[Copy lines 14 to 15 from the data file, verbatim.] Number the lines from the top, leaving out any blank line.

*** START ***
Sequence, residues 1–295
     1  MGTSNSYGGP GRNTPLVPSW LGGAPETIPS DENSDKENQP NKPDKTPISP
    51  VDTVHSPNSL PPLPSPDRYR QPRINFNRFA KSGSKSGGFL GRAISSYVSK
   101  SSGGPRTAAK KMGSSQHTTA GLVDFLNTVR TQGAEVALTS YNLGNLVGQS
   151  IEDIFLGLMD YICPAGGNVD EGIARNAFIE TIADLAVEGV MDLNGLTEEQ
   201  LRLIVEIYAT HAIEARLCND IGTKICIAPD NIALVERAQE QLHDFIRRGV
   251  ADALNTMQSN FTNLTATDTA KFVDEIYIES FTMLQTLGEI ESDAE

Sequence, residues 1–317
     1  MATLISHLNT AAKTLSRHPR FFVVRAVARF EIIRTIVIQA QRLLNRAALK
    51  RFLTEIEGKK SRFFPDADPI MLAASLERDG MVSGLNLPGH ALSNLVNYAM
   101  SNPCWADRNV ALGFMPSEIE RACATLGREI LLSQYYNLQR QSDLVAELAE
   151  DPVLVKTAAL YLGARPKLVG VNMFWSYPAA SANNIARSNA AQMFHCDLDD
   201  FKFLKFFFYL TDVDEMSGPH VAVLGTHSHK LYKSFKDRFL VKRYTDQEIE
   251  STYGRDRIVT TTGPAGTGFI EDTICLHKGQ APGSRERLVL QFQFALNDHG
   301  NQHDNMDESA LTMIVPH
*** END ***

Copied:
   251  STYGRDRIVT TTGPAGTGFI EDTICLHKGQ APGSRERLVL QFQFALNDHG
   301  NQHDNMDESA LTMIVPH